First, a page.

The Korean Neo-Confucianism of Yi Toegye and Yi Yulgok (Part 47)

But the crucial question is, How do human nature and the Four Beginnings relate to what Mencius calls feelings (chong) in general? His vigorous view that the “mind-and -heart of commiseration” is the “beginning of benevolence” does not answer the question at all. For Mencius, however, we have little doubt that there can be no discussion of human feelings outside of the context of the Four Beginnings of virtue. He seems to have suggested that the Four Beginnings are our innate, good feelings (chong). Another problem is revealed in the following key passage: “The ability that human beings possess without learning is their innate ability (yangnung); the knowledge that human beings possess without deliberation is their innate knowledge (yangji). Young children all know to love (ae) their parents. As they grow, they all know to respect their elder siblings as well. Loving one’s parents is benevolence, and respecting one’s elders righteousness. These (innate ability and knowledge) are universal in the world, that is all.”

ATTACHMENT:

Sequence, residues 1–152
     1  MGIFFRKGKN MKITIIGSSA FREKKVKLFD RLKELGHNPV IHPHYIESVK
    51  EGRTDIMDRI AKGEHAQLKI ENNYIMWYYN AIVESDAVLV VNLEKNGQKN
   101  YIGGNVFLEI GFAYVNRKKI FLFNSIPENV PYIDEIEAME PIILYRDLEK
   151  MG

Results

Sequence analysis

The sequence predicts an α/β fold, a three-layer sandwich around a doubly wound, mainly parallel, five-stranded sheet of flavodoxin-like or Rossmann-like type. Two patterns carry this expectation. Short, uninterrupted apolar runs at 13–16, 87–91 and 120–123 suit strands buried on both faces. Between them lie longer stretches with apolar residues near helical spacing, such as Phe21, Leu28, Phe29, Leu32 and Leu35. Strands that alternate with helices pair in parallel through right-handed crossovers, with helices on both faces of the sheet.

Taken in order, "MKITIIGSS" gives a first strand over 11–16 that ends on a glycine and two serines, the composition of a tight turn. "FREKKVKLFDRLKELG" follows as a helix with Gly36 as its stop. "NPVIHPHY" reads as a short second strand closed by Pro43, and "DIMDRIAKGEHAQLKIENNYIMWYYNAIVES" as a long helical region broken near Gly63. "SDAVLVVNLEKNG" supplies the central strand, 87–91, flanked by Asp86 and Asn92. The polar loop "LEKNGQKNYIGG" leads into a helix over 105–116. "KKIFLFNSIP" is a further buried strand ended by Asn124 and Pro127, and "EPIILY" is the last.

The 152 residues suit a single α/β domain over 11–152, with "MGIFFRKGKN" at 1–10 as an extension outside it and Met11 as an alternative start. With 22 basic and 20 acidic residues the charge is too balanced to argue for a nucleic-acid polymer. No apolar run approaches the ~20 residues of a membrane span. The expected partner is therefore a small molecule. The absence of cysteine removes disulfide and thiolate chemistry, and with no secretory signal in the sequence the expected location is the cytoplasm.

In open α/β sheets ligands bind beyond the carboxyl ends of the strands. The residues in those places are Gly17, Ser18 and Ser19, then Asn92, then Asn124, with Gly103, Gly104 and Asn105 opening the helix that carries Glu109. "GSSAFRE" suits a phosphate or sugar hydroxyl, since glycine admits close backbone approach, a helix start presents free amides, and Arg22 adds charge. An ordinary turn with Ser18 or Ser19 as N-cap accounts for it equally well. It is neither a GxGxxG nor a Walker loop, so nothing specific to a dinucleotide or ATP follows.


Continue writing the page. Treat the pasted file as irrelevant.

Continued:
In my own reading, Korean Neo-Confucians including Toegye and Yulgok never cited such a key passage that indicates another main aspect of ambiguity. What does Mencius mean by love in the context of the Four Beginnings and the seven Emotions? It is possible that he was unaware of the fact that love is one of the Seven Emotions mentioned in the Book of Rites. In any case, he meant that love )”loving parents” in his own terminology), one of the Seven Emotions, is a natural human feeling, part of what he calls the “innate ability” and “innate knowledge” of human nature to do good. As Wing-tsit Chan correctly comments on Mencius, “since human nature is good, love is therefore an inborn moral quality.” But the whole problem is precisely this: Mencius identified the innate feeling of “love” with the moral virtue of “benevolence,” which he referred to not only as an ontological and moral quality of human nature itself, but also as the mind-and-heart of commiseration, one of the Four Beginnings. The question is, Can love be benevolence? Surely there is likely a meaningful link between them. Sung Chinese Neo-Confucians, especially Cheng I and Chu His, commented on this kind of issue, which later became an important part of the Korean Four Seven debates. On the whole, however, they did not directly pay much attention to the Four-Seven controversy in detail.

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